I graduated with some impressive business experience considering I was a 22-year-old who’d yet to work a real full-time job.
In my four years of college, I’d recruited, interviewed, hired, managed, and on one occasion had to fire, employees. I’d drawn up marketing plans. I’d talked down angry customers. I’d written advertising copy, pitched ideas, created training programs, planned events, worked in teams, bounced back from failures, and done lots and lots of selling.
And yet, as an English and history major, I never took a single course related to business. I never had an off-campus internship, either. I just availed myself of the opportunities around me.
I volunteered as part of the staff for new student orientation and was hired to run the program during my senior year. I ran discussion groups as the TA for a course. I worked as a security guard at the library and as a conference planning assistant in the dorms one summer. And I ran a spectacularly unsuccessful new-member rush for my fraternity (it was the first time I learned that “This is how we’ve always done it” is not a compelling reason to do something).
I was nowhere near the most successful or involved person in my peer group, much less in the entire student community. My comparatively short list of involvements wasn’t particularly noteworthy. Some were even pedestrian. But baked into them were countless opportunities to lean in, to try new things, to take responsibility, and to fail. And best of all, they were available to any student on campus regardless of their area of interest.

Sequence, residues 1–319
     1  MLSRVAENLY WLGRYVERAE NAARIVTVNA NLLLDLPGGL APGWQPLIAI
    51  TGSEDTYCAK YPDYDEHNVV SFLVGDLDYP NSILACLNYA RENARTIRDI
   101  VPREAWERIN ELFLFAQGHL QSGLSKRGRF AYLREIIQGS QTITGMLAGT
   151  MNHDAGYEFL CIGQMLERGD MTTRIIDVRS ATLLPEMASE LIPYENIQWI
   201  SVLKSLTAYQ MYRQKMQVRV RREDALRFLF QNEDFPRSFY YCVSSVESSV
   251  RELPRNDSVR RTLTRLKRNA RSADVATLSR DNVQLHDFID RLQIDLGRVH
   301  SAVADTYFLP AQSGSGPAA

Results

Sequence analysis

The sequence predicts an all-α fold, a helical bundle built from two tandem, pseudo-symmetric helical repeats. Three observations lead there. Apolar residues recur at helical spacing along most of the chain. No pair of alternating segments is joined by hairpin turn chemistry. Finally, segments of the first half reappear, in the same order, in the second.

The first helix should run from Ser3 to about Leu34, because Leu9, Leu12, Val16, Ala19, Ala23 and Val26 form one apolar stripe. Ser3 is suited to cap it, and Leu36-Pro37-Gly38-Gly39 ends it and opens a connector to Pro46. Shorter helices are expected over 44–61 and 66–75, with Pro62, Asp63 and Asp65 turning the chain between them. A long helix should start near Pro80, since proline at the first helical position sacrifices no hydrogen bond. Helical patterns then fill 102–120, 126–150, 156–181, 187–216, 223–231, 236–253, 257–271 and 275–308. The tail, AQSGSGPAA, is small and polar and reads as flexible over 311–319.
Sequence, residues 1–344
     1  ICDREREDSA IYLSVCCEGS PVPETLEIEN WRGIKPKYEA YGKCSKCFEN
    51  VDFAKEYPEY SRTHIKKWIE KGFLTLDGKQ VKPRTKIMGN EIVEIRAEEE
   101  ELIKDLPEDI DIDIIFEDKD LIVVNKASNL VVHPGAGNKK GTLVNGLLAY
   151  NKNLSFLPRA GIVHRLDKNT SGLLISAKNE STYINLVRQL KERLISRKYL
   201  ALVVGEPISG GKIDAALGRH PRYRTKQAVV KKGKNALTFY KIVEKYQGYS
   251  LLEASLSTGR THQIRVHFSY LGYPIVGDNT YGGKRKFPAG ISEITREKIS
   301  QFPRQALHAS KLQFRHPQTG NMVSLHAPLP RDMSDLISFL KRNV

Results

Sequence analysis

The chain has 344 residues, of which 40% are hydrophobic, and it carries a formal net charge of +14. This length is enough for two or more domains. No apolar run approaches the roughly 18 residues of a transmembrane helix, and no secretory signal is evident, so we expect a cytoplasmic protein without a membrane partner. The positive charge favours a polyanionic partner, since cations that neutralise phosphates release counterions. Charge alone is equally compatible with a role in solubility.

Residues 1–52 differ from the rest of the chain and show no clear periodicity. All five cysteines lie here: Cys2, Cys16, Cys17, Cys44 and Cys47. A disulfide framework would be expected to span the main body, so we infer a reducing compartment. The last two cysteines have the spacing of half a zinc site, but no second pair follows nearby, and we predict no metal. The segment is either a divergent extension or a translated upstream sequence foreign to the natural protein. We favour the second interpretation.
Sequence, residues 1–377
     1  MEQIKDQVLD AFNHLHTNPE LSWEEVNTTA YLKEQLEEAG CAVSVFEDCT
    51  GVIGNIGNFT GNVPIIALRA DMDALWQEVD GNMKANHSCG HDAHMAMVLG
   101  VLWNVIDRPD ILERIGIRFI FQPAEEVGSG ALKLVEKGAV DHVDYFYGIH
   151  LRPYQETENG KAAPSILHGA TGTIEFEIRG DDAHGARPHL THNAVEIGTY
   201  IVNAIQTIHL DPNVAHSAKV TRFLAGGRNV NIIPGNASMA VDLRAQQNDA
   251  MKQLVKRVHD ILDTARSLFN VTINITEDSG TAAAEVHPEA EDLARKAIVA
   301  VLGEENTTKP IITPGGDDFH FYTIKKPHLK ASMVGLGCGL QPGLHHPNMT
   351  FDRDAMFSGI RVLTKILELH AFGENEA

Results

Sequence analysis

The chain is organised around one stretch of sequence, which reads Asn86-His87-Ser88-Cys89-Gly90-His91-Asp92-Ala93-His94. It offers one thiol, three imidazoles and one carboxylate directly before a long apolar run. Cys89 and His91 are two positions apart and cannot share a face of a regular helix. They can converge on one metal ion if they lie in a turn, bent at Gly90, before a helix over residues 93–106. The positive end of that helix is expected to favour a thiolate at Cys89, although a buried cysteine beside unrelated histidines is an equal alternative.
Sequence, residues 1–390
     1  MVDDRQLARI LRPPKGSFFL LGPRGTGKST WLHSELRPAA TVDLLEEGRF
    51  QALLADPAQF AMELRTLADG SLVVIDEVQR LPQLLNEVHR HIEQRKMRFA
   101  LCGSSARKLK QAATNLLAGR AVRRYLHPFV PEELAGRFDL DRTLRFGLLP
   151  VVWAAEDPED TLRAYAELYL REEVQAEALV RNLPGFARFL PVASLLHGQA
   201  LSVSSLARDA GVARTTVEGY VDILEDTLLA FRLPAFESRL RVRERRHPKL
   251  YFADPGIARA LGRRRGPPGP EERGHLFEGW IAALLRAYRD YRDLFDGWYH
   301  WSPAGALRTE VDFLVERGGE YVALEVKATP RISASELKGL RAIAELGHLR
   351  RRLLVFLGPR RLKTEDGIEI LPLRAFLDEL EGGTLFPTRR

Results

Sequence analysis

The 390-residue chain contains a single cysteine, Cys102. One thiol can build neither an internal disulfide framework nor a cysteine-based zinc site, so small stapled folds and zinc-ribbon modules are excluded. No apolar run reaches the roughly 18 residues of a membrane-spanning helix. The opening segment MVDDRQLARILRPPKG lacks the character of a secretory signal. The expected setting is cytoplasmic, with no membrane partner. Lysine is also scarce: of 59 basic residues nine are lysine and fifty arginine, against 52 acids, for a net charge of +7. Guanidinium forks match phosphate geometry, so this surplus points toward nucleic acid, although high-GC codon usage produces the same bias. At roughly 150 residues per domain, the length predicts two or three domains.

As college costs and the associated student debt continue to rise, families are smartly starting to look more critically at the outcomes of college when compared to the cost. Investments are made based on the likelihood of a return, and it doesn’t make sense to pay that much for college only to cross your fingers and hope for the best after graduation.
But with some notable exceptions of programs built to combine applicable skills with job placement, it’s difficult for most colleges to promise (and to substantiate) an outcome at graduation, career-related or otherwise. A college can only present the opportunities, but the student is the x-factor.
It’s the student who gets to make the choice. You can view the boundless clubs, organizations, jobs, and other opportunities as a limited-time offer, one you must take advantage of before they disappear. Or you can view them as optional add-ons if and when the desire strikes.
The opportunities are there at every college, famous and otherwise. But you have to invest the initiative in pursuit of a successful return.